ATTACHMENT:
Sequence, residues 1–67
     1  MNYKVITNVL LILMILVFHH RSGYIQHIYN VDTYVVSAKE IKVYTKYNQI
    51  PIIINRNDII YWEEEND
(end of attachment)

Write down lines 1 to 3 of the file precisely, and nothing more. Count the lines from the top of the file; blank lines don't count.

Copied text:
Sequence, residues 1–67
     1  MNYKVITNVL LILMILVFHH RSGYIQHIYN VDTYVVSAKE IKVYTKYNQI
    51  PIIINRNDII YWEEEND